“I’ve been visiting Japan off and on since 2002. In a culture that so values aesthetics, “contemporary art” occupies a strange position, perhaps because in its most compelling manifestations it can elicit completely contradictory responses. This contentious quality has possibly limited the value placed on it by the larger society. In Japan, there are a number of art scenes, but the one with the most honesty always seems to be simmering below the surface, never being extinguished but never gaining a sure foothold. When I visited friends in Tokyo in 2018 I found a compelling hub of heterogeneous creativity. I ran across a number of distinctive oddities such as a group of studios built in a defunct sumo school; an artist-run gallery in a nondescript basement with a stairway entrance overflowing with an engrossing collection of rare avant-garde books; an aspiring gallerist I befriended who slept in his exhibition space with no windows or bathroom.
The artist Taichi Machida was working for Konami and living in a company dormitory, making art in his free time. On his day off he showed me his studio in the aforementioned former sumo school, complete with derelict tatami mats and sliding paper doors. Each studio was less than eighty square feet; in his was an odd sculpture resembling anthropomorphic snot and a painting of a man urinating on trees, giving them life. After looking at his art we retired to the communal kitchen and grated katsuobushi (fermented tuna) with an antique tool, sustaining a conversation among those assembled in Japanese, English and French.
Shogo Shimizu, the occasional collaborator of my friend Kaito Itsuki, had a job doing the overnight shift in AMPM — a popular convenience store. I was beguiled by stories of his Ainu coworker — a member of a technocentric cult who wore a necklace containing a code of an MP3 used as a charm against evil spirits. Motoko Ishibashi and I bonded over our shared love of E’wao Kagoshima’s art. She had made the pilgrimage to his home in Cypress Hills New York, before me and showed me her photos of his eccentric apartment, decorated with tons of unique tchotchkes and found curios. In one photo E’wao stood before his window, a field of flowers behind him. This impression turned out to be a play of my imagination, as when I later visited I found only nondescript buildings. Kaito Itsuki and I made it to his house the next year but found no one home- we walked to the park nearby and came across him asleep outside on a bench, taking an afternoon nap. Recently E’wao and I met up in a failed attempt to secure a landline telephone at his new apartment —a labyrinthian task in the 21st century. He noticed me observing the unique nature of his black jeans, which were quite thoroughly uniformly coloured. “Just one pair, but I paint them black so I don’t have to worry about getting them dirty.”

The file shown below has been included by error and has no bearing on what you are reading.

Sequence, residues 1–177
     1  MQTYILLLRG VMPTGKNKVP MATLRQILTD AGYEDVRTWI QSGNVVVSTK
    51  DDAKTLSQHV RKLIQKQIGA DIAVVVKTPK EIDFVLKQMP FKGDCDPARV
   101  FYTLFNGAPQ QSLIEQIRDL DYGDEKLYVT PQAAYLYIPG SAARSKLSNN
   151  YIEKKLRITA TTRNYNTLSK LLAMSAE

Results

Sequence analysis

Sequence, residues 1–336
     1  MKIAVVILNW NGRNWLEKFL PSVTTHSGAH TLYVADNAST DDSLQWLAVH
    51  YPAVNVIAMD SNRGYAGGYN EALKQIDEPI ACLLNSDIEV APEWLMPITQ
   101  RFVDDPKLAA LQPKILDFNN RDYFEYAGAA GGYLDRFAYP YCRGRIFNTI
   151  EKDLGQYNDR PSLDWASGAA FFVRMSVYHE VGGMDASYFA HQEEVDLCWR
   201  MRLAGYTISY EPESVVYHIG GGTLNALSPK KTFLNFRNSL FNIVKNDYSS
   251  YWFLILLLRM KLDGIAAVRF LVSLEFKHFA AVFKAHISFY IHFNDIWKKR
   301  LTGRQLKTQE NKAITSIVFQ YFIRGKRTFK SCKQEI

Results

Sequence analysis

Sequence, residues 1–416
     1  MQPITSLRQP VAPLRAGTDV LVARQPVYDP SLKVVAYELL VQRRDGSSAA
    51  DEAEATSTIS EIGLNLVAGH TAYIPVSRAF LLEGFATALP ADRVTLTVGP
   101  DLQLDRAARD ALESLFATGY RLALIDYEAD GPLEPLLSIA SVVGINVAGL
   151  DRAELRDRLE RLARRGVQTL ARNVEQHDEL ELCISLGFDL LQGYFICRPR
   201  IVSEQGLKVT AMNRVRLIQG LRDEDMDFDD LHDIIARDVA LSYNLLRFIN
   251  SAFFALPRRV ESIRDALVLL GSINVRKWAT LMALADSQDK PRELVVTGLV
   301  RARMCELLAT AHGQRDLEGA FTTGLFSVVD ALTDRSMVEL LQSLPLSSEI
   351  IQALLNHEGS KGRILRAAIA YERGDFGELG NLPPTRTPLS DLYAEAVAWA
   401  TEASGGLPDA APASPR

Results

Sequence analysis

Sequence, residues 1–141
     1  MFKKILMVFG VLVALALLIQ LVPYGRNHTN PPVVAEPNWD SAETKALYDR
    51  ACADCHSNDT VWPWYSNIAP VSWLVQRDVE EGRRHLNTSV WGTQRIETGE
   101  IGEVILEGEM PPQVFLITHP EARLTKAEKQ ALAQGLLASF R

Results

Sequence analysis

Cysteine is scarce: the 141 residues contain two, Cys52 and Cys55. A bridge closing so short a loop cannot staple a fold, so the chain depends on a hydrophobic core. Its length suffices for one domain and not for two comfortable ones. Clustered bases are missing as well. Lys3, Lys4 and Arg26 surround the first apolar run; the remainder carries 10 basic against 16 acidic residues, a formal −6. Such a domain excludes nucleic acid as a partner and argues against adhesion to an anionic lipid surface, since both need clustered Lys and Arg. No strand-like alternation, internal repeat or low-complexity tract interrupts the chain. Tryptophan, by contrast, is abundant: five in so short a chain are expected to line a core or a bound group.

A quixotic attempt to cope with modern life through lived aesthetics! E’wao Kagoshima has been developing his own unique brand of post-modern surrealism for a few decades now, continually an outsider observing contemporary culture and life from an idiosyncratic vantage point. In a similar fashion, a number of the young Japanese artists I met utilize their aesthetic output as a means to grapple with the constraints and pressures of contemporary ideologies. Kaito Itsuki often produces talismanic works exploring the poetic symbolism of faceless male protagonists at battle with the impulses of creation. Motoko Ishbashi, usually living between London and Kyushu, has created translucent pieces which submerge her perspective in the narratives of commodified eroticism. Emi Mizukami has contributed three paintings on haphazard panels which show conflicting traces of stories involving both past and future states of being. Taichi Machida, who works as a video game coder by day while also making paintings and digital art, is represented by one painting of an amorphous man who can only fully satisfy his self-destructive desires by relaxing in a tub of magma. The youngest artist, Ahmed Mannan, is showing three paintings on various constructions of cloth and rice sacks. Brusque and shamanistic in their execution, these works relate the fluctuations of changing identity through a vocabulary of chimeric motifs. Shimizu Shogo presents two drawings that depict hallucinatory revelations concerning interior states of being.
Throughout this work, an outsider’s perspective on the foibles of modernity are contrasted with an embrace of naturalistic symbolism; our convoluted world is made more comprehensible through intense observation of its origins in nature. A subtle distrust of contemporary life is accompanied by an indulgence in instinctive impulses. Quixotic loyalty to personal vision is upheld and the results display a fascinating example of the output of multiple generations of artists. The unifying principle is an embrace of the inventiveness explicit in naivet , of abrasive expression, without the polished nature of much of Japan’s famous cultural imports.”
— Sven Loven